US museum to return Filipino remains collected for research without consent

BenarNews staff
Washington and Manila
US museum to return Filipino remains collected for research without consent Nigrito natives demonstrate their rice planting techniques in the Philippines Village at the 1904 World’s Fair in St. Louis, Missouri.
[T.W. Ingersoll]

Washington’s Smithsonian Institution said Tuesday it would return to Manila the remains of Filipinos it acquired without consent from 1904-1941 for physical anthropology research, including to support racist beliefs about white people’s superiority. 

Among the remains of 64 individuals from the Philippines are the brains of three or four Filipinos who died after these people were brought to be displayed at the 1904 World’s Fair in St. Louis, Missouri, when the Southeast Asian archipelago was a U.S. colony. 

After their deaths, their brains were collected to support the belief at the time that white people had larger brains.

“Yes, we plan to repatriate human remains to the Philippines,” Smithsonian Institution Chief Spokesperson Linda St. Thomas said in an email to BenarNews.

“The [Smithsonian’s National Museum of Natural History] staff has had discussions with the Philippine embassy in [Washington] D.C. and met with the Philippine national museum staff to determine the path forward for repatriating the 64 individuals,” she added.

The Smithsonian did not say when the repatriation of the Filipino remains would be completed.

Bagobos women demonstrate their domestic art in the Philippine Village at the 1904 World's Fair in St. Louis, Missouri. [T.W. Ingersoll]

The mostly indigenous Filipinos were brought to the United States for the St. Louis World Fair and died during the exposition there or, having chosen to remain in the U.S., in the years after, the state-run National Museum of the Philippines said in a statement Tuesday.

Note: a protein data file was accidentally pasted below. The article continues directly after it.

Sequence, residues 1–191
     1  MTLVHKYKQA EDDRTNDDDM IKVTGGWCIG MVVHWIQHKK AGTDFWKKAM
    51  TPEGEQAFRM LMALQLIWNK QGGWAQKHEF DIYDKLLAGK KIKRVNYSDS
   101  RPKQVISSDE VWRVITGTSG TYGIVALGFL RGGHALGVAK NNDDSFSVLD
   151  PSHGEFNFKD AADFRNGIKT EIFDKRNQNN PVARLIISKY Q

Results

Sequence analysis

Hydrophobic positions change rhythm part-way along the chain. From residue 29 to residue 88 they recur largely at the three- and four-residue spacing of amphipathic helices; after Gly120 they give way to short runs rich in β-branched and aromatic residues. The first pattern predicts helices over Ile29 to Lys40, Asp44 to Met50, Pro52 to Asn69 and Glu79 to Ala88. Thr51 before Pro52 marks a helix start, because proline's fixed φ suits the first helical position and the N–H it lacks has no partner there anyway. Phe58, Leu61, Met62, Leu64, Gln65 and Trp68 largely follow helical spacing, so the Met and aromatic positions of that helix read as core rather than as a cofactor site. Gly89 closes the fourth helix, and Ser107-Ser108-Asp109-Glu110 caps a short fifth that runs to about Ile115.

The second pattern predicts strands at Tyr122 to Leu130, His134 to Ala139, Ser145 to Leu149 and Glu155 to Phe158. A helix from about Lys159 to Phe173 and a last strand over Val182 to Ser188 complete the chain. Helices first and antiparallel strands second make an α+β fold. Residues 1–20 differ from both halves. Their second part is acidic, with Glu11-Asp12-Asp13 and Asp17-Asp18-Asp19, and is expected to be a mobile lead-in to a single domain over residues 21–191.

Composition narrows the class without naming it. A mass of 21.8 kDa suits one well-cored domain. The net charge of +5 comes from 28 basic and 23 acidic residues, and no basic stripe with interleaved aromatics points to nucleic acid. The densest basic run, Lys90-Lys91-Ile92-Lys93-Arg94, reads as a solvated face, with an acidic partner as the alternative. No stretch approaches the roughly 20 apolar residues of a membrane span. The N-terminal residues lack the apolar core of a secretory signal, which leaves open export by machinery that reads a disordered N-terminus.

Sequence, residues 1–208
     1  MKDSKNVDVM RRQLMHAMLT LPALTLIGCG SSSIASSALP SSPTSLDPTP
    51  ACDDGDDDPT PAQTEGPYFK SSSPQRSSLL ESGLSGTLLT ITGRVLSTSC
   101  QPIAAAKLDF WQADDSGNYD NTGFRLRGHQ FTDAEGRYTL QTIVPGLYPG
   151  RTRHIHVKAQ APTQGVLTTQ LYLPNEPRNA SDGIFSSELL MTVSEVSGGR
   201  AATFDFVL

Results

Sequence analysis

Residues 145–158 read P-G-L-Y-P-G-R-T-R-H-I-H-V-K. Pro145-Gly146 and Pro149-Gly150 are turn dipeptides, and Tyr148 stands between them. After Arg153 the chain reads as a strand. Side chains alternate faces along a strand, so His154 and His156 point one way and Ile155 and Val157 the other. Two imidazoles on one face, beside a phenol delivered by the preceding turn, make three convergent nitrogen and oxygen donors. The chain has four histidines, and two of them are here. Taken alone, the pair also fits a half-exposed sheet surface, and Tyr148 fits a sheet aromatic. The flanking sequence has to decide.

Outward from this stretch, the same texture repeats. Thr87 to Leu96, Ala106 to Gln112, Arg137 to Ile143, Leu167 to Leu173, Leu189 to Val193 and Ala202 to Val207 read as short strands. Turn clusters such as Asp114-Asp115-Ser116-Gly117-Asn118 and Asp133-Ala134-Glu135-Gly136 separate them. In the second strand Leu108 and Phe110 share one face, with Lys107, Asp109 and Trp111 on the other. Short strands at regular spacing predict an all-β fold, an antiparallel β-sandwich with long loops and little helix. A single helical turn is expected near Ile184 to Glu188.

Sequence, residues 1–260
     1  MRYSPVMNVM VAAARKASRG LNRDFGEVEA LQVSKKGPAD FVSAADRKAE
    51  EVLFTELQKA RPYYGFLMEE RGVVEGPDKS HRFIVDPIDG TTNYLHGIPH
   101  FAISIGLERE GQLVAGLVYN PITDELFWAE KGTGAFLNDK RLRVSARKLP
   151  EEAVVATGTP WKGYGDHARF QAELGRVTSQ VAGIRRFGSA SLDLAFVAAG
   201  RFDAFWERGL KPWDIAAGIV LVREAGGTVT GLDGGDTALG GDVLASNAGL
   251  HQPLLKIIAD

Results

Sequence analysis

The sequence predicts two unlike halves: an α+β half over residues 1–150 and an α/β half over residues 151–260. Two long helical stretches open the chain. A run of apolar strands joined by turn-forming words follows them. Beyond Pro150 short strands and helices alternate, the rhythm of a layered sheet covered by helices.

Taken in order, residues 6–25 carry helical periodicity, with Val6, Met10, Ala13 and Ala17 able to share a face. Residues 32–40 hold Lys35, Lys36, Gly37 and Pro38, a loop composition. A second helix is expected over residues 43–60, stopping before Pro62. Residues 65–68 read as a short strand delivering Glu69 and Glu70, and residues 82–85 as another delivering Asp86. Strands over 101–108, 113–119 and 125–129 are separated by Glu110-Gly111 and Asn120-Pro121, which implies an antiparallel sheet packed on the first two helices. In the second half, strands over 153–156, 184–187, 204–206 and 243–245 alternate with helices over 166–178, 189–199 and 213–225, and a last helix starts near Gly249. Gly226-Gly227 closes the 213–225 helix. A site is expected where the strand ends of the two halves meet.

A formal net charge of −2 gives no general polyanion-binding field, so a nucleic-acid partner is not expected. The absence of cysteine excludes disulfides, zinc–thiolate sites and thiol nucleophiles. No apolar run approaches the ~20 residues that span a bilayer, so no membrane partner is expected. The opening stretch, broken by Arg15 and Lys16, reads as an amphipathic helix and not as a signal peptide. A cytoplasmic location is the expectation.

“[T]here is no evidence of consent being given for the collection and scientific use of the remains,” it said about the research carried out on the origin, evolution and diversity of humankind.

The Smithsonian affirmed that the human remains were acquired without consent “and in ways that are not consistent with modern standards.” 

The U.S. institution, whose network of museums are an iconic Washington destination for tourists from the world over, said the remains of the Filipinos and people from other nations were acquired from many sources such as archaeological excavations, transfers from government agencies, and donations from museums, universities, hospitals, and individuals.

The Smithsonian’s natural history museum is voluntarily repatriating the remains of indigenous people to their homelands worldwide, it said.

“In adherence with today’s standards of ethical museum practice, the [national museum] accepts and supports this effort of the Smithsonian [natural history museum] to do the right thing and facilitate the return of Filipino remains home as a way of rectifying this unfortunate situation,” the Philippine museum said.

An Igorot family is seen at the Philippines exhibit at the 1904 World’s Fair in St. Louis, Missouri. [William Herman Rau]

A report in the Washington Post newspaper this week said that the collection of human remains consisted mostly of Black or indigenous people and other people of color. 

The newspaper report cited records that showed the Smithsonian still holds the brains collected from people of 10 countries, including Germany, the Philippines, the Czech Republic and South Africa. 

The Smithsonian said these remains were collected by Aleš Hrdlička, a curator and head of the then newly created Division of Physical Anthropology at the natural history museum, from 1904 until 1941. 

“The brains in particular were collected to support Hrdlička’s early 20th century racist beliefs that brains of white people were larger,” the institution said.

“Although many of his research and collecting practices reflect those of his time period, many of the actions taken by Aleš Hrdlička are today regarded as unethical; they violate the present norms of biological anthropology at the Smithsonian and in the broader museum field.”

According to the Washington Post report, Hrdliča, who was born in what is now the Czech Republic, was considered a top authority in the U.S. on race and sought by members of the government to prove that people’s race determined their intelligence.

The Post report said that Hrdliča once said Black people were “the real problem before the American people.”

In April, the Smithsonian formed a task force to develop a policy to address the future of human remains held within its museums’ collections. 

The Smithsonian said it had placed temporary restrictions on research on all human remains in its museums and the acquisition of any additional remains while that policy was being developed.


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